Your plan to help Easter guests get connected should have the flexibility to meet people where they are. Some ways to do this:
- Have experienced volunteers or staff available to pray and talk with people after service.
- Direct people on how to make church their home (often a connection or membership class).
- Get people into community – have a gathering spot after service, or provide small group sign-ups.
- Have physical or digital resources available to help them grow in their faith.
4. Follow Up Promptly
Don’t wait too long to send a follow-up text or email. You can do it the same day, or try to send it at least within 1-2 days of their visit.
The message should be brief but contain a few links to connect further and learn more, such as checking out one of your church’s most popular sermons, your kids or youth ministry details, or joining a small group.
Get the Church Involved in Connecting with Easter Visitors
The follow-up plan should involve more than just the staff. Easter is an excellent opportunity to get your congregation involved, and this ensures nobody falls through the cracks.
Connection starts with the welcome experience. After all, many people will make up their minds based on the first impression.
Train your greeters, kids volunteers, and guest service teams on how to connect with Easter guests, which includes:
- Answering any questions guests might have about the service or the church.
- How to approach and engage a new person with the right balance of friendliness and respect for personal space.
- What the win is for a new guest (for example, fill out a connection card or go to a table to receive a gift)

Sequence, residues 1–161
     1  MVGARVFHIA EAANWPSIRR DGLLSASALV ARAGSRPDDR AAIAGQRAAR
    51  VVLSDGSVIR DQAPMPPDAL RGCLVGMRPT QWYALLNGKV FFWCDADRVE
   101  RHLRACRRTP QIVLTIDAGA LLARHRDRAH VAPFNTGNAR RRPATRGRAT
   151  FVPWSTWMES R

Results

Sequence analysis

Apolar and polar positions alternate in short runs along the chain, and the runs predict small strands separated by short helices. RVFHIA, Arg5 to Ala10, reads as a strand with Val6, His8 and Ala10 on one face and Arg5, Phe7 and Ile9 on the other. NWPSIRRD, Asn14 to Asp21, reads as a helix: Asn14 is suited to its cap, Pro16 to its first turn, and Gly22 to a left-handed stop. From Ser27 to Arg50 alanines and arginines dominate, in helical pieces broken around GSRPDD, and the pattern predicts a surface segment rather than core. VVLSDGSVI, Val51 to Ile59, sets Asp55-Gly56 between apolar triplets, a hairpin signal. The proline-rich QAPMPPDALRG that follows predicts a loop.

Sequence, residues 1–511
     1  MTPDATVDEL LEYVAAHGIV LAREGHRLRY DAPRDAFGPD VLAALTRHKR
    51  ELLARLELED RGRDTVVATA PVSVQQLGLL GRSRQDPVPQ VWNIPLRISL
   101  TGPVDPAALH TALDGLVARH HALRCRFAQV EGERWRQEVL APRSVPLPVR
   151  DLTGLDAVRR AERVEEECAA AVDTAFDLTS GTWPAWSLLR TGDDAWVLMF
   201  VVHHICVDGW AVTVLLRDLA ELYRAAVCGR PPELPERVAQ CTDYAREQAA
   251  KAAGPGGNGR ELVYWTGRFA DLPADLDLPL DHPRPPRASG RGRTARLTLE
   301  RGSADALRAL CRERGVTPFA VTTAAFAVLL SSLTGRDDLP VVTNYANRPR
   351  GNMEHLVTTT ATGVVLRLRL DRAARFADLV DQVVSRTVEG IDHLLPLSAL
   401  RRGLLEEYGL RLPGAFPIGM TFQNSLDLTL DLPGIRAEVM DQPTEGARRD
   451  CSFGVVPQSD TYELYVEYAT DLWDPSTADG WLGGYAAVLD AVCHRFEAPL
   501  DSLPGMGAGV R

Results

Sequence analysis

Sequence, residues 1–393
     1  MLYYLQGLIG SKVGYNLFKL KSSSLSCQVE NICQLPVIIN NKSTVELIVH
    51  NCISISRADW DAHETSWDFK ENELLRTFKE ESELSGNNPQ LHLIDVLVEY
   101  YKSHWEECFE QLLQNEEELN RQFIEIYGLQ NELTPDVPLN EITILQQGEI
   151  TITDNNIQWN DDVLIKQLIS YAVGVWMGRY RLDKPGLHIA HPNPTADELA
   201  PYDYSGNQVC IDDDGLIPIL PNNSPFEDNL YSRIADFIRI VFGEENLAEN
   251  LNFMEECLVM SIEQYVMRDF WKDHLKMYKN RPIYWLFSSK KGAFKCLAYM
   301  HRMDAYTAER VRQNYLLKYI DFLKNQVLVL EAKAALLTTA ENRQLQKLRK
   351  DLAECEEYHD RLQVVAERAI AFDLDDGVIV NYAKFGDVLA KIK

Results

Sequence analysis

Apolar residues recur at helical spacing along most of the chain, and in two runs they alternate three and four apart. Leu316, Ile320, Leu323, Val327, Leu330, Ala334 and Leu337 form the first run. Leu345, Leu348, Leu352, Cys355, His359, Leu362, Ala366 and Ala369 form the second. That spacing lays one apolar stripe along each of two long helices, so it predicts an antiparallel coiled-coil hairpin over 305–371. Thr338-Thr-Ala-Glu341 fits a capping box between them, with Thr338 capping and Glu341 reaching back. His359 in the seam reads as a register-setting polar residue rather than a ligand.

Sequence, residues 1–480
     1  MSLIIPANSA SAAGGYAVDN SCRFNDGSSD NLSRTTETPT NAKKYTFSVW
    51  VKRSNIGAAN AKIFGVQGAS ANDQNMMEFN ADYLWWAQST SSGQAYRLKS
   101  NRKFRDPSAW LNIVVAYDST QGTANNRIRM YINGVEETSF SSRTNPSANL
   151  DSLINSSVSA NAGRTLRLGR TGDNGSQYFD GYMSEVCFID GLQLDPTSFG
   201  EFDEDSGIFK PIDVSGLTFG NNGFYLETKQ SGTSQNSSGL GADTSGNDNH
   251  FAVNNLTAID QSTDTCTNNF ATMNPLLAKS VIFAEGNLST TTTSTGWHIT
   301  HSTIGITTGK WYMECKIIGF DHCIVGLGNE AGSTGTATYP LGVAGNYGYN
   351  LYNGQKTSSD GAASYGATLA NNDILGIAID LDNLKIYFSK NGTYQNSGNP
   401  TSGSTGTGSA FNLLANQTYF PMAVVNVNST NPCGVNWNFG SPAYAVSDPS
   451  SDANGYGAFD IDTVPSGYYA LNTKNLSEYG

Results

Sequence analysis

All that being said, make sure your volunteers and staff are looking to connect with people personally, not just move people through a process or get them to fill out a card.
Connecting With Everyone Who Attends at Easter
It’s easier to connect with everyone if they’re at the church longer than just service. You can host special Easter weekend events and activities that they would enjoy and cause them to stick around.
This could be as simple as serving donuts and coffee after the service or having an Easter egg hunt or photo opportunity.
People who are brand-new to church may be completely unfamiliar with church jargon and processes. It might not make sense to them why they would go to a membership class or join a small group. Offer activities they can easily understand and will find appealing.
- Have a clear plan for connecting with Easter guests.
- Involve your church members through welcome teams and after-service events.
- Follow up promptly, and keep things simple for new guests.
Building a relationship is a process and requires trust over time. The main goal is to have your first-time guests come back again. Connecting is the first step, so make things clear and accessible for everyone.
THANK YOU both! I appreciate you making things simple and easy to take and use.
So glad it was helpful, Dawn.